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Treatment of indigestion—also known as flatulent dyspepsia—is centred on addressing its symptoms. Those symptoms can include upper abdominal pain, a feeling of fullness, a sensation of churning in the stomach, nausea, and frequent release of gas.

Dyspepsia usually passes within a few hours, sometimes without treatment. In some cases, it may be prevented or treated with a few lifestyle modifications:

1. Eat smaller meals more frequently throughout the day;

2. Avoid fatty or spicy foods, carbonated beverages, caffeine and alcohol;

3. Eat slowly and chew thoroughly;

4. Do not chew with the mouth open or talk while eating to avoid swallowing excessive air;

5. Limit stress and practice relaxation techniques such as deep breathing and yoga;

6. Exercise regularly (but not immediately after eating!); and

7. Maintain a healthy body weight.

woman doing yoga on dock

Depending on the symptoms present, the following types of over-the-counter medications can be used to alleviate indigestion:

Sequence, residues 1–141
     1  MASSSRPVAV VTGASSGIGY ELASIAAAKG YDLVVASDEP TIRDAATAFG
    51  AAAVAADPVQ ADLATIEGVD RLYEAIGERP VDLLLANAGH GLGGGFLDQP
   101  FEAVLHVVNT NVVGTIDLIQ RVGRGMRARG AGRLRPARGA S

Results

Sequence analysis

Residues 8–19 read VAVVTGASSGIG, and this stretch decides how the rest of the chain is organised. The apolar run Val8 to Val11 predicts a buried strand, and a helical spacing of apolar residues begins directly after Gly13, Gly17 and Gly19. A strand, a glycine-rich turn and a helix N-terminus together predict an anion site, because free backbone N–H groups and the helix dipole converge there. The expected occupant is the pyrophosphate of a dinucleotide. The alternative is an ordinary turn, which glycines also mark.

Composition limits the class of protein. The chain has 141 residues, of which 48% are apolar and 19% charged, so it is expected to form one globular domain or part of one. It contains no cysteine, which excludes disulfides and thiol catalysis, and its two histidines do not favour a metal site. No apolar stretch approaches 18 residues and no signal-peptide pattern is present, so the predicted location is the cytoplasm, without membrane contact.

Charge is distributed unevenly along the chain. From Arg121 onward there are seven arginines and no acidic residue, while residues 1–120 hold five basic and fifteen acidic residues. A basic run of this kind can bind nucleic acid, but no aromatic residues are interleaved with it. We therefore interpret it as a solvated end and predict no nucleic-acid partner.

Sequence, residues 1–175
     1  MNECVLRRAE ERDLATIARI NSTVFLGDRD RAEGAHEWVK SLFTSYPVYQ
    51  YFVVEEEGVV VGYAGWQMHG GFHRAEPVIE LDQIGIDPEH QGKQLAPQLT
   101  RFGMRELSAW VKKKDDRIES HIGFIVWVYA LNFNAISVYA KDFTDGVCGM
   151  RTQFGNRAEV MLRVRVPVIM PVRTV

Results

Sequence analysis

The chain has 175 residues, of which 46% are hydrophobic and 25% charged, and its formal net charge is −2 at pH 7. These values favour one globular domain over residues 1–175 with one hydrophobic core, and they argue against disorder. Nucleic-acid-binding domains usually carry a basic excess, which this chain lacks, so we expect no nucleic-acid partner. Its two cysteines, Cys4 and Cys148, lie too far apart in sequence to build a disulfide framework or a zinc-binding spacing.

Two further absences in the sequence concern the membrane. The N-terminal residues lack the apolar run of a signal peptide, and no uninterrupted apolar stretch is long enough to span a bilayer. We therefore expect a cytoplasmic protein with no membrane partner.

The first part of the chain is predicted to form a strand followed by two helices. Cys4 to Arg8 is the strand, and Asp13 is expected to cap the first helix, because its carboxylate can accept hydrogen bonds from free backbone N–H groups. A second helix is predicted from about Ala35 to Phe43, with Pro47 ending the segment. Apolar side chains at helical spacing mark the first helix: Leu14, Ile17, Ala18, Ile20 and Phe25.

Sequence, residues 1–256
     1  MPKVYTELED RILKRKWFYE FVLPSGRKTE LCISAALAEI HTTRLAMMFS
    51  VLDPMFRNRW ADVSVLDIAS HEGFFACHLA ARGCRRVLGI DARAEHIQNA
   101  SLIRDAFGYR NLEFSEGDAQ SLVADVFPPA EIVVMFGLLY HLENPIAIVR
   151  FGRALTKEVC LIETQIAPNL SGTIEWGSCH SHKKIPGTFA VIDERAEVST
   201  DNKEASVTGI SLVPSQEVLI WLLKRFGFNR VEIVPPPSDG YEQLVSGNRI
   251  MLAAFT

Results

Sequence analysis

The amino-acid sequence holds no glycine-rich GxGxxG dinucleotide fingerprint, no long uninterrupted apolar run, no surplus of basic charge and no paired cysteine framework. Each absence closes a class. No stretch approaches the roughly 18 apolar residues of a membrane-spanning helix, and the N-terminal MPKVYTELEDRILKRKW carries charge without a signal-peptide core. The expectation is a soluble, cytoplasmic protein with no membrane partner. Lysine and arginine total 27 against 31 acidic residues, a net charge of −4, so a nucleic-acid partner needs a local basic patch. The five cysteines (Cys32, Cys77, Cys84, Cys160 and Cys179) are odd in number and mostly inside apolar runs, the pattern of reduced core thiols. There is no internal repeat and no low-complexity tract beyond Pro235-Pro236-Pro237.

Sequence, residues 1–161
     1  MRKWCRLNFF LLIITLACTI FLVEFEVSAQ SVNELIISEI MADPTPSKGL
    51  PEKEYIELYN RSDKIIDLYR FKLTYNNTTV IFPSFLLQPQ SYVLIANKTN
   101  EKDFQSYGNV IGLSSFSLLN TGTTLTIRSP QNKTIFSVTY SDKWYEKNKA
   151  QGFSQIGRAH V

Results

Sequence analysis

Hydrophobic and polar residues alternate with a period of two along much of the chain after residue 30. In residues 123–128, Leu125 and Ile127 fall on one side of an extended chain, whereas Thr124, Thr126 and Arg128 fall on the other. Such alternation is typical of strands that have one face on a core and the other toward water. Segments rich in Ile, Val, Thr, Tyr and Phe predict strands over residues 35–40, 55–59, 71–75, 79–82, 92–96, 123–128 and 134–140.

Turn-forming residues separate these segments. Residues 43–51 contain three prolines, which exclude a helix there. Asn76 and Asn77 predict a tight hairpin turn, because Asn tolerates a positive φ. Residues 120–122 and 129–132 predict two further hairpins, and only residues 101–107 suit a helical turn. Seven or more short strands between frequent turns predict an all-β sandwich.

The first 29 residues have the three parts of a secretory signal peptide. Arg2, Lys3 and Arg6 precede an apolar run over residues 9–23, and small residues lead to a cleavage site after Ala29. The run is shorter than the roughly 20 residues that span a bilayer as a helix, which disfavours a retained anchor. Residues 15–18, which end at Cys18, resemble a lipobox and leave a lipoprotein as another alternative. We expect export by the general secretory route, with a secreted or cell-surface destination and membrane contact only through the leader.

• A tonic containing peppermint oil, such as Fowler’s Digestive Tonic, can be used to relieve stomach gas and aid digestion;
  • Antiflatulents help release air trapped in the stomach and relieve the discomfort or feeling of fullness;
  • Antacids neutralize stomach acid;
  • Acid blockers and proton-pump inhibitors decrease the amount of acid the stomach produces;

While many cases of flatulent dyspepsia or dyspepsia in general resolve on their own or can be treated with over-the-counter medications, consult a physician in the following cases:

  • Symptoms are persistent or severe, or are accompanied by weight loss, loss of appetite, or vomiting;
  • Presence of black or bloody stools;
  • Severe pain in the upper right abdomen, which could indicate a more serious condition such as gallstones or pancreatitis;
  • Symptoms are accompanied by shortness of breath, sweating, pain in the jaw, neck or arm, which could indicate a heart attack; or
  • The discomfort that is experienced that is unrelated to eating
  • Dyspepsia can sometimes be triggered by underlying stress or anxiety, which+ should be addressed on an individual basis.

Next Question: Flatulent Dyspepsia

Wondering what causes indigestion? Read our next post on Flatulent Dyspepsia.

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